Emma was not successful in keeping Joseph from meeting with his wives. Emily Partridge would one day testify under oath that she “roomed” with Joseph on the night of her second marriage to him while Emma, she believed, was in the house at the time. She also testified that she had “slept with him” between her first marriage and the second ceremony.

Emma’s thoughts on polygamy after Jo’s death leave absolutely no uncertainty that she hated the very idea of it. Polygamy had caused her so much trouble throughout her life, it fueled the persecution the Mormons experienced and ultimately led to the deaths of her husband and one of her closest friends, Hyrum. In 1843, she had no idea what the future held. Jo had a long history of stepping out on her and she probably knew that could never be stopped, but if she could approve of the wives he took and they were mainly women who were already living with the Smiths, she could exercise at least the smallest modicum of control over a situation she was ultimately powerless in stopping. Her reluctant acceptance of polygamy would sometimes go so far as to guard the door of a room that Jo and one of his teenage wives were hold up in, according to Emily Partridge, to deter any interested observers. Other times, she was staunchly against polygamy and her husband having teenage wives. But she was forced to operate under the doctrine of appeasement to keep from conflict, as she was an inherently nonconfrontational person; a general people-pleaser.

What else could she do? The reputation of her husband and her own self lay in the balance if the rumors of polygamy became anything more than just rumors. She couldn’t stop Jo, but she could cover for him to help from it being exposed. She didn’t know what would happen, Jo didn’t know what would happen, nobody had any idea what the future held should Jo go public with polygamy. The entirety of Emma’s interactions with Nauvoo polygamy strike me as somebody who’s biding their time when they don’t have any options or solutions.

I mean, she did have options and solutions, but the consequences of those were probably just too great to overcome. The Nauvoo Emma strikes me as somebody who was overcome with feelings of both grief and relief when Jo was finally killed. That’s probably an unpopular opinion, but just consider her plight and the possible consequences if she tried to change the hand she was dealt. Jo had EVERYTHING in his control. He had women coercing other women to become his wives. People were killed for not paying their tithing. He had a massive network of spies and nothing happened in Nauvoo without his knowledge. The legal system had repeatedly proven itself completely impotent in trying to curtail his growing power and he had politicians by the dozen in his pockets or filling the pews of his church. He was probably the wealthiest man in Illinois, even if every one of his assets had liens, the counterfeit business provided plenty of liquid money for him to live his preferred hard and fast life. He had an army in his control and an underground militia that lived in the shadows. Every street had a young man whittling with a bowie knife watching everything that happened in the city and funneling that information right back to their commander-in-chief. Anybody who opposed Jo wound up with either their character or their life assassinated. Even with all of these descriptions, words fail me in aptly describing how powerful and terrifying Jo truly was.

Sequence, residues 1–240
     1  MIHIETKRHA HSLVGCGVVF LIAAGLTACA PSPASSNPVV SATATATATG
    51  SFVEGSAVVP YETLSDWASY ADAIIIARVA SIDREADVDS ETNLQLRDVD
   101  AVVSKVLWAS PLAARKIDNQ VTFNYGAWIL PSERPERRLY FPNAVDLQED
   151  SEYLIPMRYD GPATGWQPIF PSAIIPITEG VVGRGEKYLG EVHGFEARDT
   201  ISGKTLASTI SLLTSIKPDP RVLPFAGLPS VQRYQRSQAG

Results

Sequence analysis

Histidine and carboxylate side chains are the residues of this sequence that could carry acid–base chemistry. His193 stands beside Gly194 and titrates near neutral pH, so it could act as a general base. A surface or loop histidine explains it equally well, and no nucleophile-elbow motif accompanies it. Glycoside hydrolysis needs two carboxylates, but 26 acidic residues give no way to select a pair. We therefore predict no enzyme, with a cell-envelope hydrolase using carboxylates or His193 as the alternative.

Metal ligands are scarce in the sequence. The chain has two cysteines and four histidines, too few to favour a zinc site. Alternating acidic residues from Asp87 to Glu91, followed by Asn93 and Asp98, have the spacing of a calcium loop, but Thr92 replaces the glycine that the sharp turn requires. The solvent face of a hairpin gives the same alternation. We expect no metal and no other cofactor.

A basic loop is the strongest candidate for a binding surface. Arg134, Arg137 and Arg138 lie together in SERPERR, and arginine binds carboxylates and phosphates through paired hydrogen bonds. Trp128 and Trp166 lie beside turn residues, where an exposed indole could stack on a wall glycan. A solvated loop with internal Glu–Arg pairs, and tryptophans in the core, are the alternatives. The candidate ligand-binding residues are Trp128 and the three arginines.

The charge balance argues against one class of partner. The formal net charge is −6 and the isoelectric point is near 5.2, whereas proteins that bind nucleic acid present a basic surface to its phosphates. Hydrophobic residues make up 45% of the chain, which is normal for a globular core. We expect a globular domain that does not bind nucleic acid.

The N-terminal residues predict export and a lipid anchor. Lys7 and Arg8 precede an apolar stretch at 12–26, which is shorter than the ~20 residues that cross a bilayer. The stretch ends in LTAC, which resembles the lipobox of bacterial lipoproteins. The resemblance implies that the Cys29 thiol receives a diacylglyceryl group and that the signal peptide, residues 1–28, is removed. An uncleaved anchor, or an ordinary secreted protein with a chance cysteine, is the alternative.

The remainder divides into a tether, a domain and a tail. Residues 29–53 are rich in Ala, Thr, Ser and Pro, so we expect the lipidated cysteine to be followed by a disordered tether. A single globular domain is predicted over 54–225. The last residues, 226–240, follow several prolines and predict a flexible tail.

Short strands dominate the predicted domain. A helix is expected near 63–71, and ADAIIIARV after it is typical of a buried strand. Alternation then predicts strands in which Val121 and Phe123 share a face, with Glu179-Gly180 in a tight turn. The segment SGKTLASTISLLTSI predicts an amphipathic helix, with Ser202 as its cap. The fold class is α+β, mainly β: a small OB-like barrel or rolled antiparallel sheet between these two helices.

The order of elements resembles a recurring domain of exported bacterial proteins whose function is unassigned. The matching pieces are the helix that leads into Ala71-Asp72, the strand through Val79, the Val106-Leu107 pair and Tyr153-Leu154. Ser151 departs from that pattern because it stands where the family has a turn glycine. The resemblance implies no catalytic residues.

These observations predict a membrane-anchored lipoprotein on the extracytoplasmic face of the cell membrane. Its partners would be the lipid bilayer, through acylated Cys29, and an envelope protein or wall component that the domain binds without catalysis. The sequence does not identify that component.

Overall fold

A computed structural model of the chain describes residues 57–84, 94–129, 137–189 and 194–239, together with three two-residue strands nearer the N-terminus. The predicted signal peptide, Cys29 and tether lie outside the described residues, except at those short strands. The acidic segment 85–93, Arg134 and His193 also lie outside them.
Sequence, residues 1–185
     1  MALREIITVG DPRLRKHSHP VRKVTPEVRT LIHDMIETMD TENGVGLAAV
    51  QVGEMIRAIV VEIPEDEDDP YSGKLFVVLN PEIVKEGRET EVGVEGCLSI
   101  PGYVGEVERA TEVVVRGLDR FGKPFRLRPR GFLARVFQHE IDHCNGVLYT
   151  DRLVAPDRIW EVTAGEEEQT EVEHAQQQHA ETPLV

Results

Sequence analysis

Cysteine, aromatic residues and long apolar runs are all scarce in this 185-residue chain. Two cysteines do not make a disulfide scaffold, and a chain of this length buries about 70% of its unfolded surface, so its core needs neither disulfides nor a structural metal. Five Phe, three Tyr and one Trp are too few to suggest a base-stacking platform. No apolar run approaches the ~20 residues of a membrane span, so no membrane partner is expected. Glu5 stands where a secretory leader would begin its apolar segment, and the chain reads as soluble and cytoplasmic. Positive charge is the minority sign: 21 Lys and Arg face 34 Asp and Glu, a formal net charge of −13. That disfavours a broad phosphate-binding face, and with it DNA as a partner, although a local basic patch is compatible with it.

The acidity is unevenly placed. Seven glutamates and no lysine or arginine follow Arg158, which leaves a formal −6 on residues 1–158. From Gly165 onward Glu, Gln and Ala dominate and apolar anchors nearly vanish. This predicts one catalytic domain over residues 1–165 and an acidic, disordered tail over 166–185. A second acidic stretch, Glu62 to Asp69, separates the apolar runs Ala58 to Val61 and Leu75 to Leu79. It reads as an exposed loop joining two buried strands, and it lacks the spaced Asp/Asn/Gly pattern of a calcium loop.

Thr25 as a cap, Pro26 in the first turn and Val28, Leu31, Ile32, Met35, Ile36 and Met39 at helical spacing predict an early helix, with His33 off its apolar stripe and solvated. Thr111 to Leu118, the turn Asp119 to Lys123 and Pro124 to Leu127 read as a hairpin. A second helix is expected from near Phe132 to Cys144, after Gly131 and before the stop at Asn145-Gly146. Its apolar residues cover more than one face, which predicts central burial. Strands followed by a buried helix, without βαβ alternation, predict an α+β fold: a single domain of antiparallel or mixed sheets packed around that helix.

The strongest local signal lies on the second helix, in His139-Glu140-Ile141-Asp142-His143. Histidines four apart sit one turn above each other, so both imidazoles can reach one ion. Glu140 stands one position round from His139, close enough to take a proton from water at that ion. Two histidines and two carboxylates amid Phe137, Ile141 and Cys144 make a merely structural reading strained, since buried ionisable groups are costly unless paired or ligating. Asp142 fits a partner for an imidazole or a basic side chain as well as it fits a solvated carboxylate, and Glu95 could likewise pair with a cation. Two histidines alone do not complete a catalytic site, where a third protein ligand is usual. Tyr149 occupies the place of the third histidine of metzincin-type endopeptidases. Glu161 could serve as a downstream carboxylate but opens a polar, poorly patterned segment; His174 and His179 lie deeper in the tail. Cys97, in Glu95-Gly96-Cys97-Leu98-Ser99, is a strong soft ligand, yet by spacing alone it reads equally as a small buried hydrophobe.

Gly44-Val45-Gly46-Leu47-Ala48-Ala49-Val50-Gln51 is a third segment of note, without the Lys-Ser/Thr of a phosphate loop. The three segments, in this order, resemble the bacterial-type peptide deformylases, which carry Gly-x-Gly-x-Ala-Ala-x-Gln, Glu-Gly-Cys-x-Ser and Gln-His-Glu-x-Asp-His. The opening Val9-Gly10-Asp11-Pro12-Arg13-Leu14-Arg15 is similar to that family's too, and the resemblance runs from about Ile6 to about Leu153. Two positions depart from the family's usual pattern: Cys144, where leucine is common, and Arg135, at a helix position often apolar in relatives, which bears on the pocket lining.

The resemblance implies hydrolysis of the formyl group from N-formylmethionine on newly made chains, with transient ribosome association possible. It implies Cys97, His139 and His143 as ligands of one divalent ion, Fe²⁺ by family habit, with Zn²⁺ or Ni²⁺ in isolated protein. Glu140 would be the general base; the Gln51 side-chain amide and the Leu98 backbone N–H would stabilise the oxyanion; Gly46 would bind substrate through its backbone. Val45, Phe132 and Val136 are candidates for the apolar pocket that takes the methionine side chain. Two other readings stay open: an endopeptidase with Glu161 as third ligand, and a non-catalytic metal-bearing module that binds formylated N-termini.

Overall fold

What could Emma do? Could she just divorce him? He’d destroy her character and she’d never recover. What would the kids think? Could she go public with the accusation of polygamy, and sue Jo for divorce on grounds of adultery? Where would the average everyday Mormon come down on this massively public battle? Could she poison him and her problems would be solved? Possibly, but from who would she procure the poison? How could she affect such a plan without Jo noticing? Could she organize a coup and have him assassinated? There would be absolutely no way to make that happen without Jo finding out and exacting some form of punishment or revenge. Could she plead to the Governor to have her husband arrested? She’d repeatedly plead to both Governor Carlin and Governor Ford to have her husband released from prison on multiple occasions, why would they believe her? What reasonable expectation did she have of them being successful in any kind of government action to bring Jo in and ACTUALLY get him sent to prison or the gallows?

You see, we have to look back and wonder, how could Emma possibly sign off on Jo taking teenage wives living under her own roof? I would ask, how could she NOT sign off? How could she do anything other than just pacify and appease without her life being threatened? She couldn’t break the system, it was too robust, so she played the game by Jo’s rules until it was over… and then she could make her own rules.